YIVO used its spot on WEVD for Yiddish-language interviews and discussions with leading New York Yiddish cultural figures, as well as for reporting on its own scholarly and cultural work.

A new podcast of this program in the order in which it was originally broadcast will be posted here every two weeks.

Presentation of series curated by Matt Temkin, YIVO Sound Archives.

Listen to the program [in Yiddish].

Yiddish Fight Club/YIVO at 90

Last week, YIVO hosted two audience-packed events: the opening of the exhibition, Yiddish Fight Club and “YIVO at 90,” an all-day conference in honor of YIVO’s 90th anniversary.

Yiddish Fight Club is based on a 1926 linguistic study of Yiddish fighting terms and combines the now-forgotten slang of a violent Yiddish underworld with images of Jewish brawlers from the past. The exhibition was curated by YIVO Academic Advisor Edward Portnoy and designed by YIVO Web and Graphics Designer Alix Brandwein. It runs through September 1, 2015.

“Building a Future in America,” which took place on May 3, focused on YIVO’s work and activities in the 75 years since its relocation to New York and featured a keynote address by Kalman Weiser, as well as three panels with presentations by leading scholars. Vice-Minister of Foreign Affairs of Lithuania Mantvydas Bekešius was an honored guest.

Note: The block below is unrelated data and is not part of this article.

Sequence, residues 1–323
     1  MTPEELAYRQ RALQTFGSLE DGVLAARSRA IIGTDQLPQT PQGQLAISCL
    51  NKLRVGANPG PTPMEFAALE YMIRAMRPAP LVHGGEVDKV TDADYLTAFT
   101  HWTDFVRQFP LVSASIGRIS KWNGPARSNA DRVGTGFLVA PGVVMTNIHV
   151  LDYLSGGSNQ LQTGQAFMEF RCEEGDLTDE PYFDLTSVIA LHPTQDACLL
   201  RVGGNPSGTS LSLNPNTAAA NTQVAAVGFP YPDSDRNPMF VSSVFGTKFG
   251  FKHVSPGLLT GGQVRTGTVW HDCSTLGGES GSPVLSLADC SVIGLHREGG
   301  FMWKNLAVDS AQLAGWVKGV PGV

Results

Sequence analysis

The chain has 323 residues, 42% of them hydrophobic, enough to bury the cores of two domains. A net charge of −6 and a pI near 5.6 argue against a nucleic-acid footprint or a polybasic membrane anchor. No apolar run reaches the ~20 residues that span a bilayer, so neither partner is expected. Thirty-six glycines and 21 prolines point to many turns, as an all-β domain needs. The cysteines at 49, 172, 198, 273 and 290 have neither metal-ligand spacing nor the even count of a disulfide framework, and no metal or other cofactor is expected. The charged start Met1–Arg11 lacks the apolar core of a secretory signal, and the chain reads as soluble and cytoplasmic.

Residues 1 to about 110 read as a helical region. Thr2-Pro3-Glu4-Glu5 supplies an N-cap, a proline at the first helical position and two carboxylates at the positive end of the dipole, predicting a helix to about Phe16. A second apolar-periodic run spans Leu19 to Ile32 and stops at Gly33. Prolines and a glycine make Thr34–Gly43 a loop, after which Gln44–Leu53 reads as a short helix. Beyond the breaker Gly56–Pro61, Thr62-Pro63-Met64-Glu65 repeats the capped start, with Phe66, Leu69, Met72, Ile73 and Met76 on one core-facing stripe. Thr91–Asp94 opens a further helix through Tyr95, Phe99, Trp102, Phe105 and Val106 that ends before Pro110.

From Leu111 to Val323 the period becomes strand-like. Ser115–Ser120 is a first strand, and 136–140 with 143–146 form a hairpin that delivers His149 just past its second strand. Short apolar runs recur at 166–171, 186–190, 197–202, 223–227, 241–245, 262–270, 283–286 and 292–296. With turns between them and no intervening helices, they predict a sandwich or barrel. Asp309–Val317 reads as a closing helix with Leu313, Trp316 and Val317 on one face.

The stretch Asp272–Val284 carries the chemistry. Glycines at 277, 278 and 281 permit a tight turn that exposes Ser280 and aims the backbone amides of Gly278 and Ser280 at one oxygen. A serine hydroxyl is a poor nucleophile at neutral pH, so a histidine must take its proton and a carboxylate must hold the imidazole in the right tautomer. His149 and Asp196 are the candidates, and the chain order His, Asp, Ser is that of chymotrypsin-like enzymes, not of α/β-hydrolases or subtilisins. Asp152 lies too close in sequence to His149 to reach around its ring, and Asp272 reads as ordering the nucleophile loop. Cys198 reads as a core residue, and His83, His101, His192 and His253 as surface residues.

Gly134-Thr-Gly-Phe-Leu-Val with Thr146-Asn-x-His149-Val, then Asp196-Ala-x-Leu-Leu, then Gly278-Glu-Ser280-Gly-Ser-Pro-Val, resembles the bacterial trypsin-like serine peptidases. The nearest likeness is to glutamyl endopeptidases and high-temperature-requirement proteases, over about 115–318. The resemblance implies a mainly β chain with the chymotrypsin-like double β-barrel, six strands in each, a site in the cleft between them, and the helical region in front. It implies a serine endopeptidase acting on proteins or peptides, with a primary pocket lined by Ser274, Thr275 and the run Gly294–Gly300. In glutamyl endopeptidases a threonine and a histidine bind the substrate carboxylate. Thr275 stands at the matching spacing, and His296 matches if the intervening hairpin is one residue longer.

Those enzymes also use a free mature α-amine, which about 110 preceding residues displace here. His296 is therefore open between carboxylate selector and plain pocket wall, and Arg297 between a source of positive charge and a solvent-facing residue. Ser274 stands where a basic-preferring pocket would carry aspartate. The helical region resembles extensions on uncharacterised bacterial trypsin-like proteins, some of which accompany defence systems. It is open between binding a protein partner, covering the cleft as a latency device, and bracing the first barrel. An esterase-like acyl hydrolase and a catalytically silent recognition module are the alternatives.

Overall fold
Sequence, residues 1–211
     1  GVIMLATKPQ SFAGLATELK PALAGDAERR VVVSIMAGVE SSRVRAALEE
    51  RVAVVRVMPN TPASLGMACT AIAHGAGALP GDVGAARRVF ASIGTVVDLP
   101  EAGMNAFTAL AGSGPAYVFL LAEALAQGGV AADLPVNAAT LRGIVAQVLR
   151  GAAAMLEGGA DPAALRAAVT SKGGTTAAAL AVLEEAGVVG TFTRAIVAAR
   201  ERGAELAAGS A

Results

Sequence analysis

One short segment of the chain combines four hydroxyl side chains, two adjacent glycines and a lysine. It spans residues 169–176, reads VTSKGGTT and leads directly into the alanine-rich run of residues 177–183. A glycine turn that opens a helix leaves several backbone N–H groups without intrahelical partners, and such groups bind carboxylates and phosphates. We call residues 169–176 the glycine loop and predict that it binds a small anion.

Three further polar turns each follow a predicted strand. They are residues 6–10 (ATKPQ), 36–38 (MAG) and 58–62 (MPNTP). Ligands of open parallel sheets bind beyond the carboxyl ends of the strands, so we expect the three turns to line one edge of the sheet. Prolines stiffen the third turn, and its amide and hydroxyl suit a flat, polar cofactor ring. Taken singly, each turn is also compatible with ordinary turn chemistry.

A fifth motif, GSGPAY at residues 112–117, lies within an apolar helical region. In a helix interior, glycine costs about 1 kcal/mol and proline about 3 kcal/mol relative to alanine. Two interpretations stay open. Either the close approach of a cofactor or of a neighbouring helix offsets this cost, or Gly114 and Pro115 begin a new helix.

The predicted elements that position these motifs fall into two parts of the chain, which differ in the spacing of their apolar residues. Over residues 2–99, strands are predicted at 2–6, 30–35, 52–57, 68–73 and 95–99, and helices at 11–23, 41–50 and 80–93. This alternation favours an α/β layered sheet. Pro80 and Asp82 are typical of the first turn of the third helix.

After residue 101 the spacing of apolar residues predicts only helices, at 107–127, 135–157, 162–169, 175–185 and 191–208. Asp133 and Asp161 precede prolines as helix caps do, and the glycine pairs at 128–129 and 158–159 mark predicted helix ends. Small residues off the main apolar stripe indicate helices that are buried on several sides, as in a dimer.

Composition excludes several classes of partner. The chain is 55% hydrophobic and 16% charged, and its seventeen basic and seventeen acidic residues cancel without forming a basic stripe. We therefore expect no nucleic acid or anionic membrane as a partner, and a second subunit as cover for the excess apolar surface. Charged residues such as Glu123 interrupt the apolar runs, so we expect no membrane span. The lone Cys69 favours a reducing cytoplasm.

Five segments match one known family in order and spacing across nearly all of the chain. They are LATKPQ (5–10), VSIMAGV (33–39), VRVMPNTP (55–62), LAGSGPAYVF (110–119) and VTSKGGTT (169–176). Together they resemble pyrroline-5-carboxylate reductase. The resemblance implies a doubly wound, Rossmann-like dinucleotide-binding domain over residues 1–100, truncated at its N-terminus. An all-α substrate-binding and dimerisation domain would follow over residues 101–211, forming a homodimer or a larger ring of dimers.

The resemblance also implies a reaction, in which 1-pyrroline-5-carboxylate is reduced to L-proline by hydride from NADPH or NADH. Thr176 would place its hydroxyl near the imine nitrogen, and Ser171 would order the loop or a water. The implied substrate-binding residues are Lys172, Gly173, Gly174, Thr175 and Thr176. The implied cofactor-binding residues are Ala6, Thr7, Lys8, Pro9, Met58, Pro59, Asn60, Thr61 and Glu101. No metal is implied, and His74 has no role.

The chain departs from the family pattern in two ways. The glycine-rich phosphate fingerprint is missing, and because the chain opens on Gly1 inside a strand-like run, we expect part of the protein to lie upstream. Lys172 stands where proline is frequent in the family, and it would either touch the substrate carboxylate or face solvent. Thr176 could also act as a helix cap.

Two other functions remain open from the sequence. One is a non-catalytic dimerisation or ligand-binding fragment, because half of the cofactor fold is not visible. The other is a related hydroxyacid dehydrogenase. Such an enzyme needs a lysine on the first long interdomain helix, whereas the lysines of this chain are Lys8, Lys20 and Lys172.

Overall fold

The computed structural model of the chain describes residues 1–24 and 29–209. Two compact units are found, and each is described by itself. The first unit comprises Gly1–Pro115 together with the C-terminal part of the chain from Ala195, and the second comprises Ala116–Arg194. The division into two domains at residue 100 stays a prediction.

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Limited Run at Theater 80: Making Stalin Laugh

GOSET journal cover

Zrelishscha (Entertainment), no. 89 (June 1924). The cover of this Moscow journal features a montage by I. Makhlis celebrating the GOSET (Moscow State Yiddish Theater), with Aleksandr Granovskii as the locomotive that pulls the train and actor Solomon Mikhoels as the conductor atop the engine. (YIVO Institute for Jewish Research)

“In 1921 the GOSET troupe moved into a theater less than a mile from the Kremlin. For 28 years, through purge, terror, and paranoia, they presented world-class theater in Yiddish to audiences that only spoke Russian. And then they went too far.”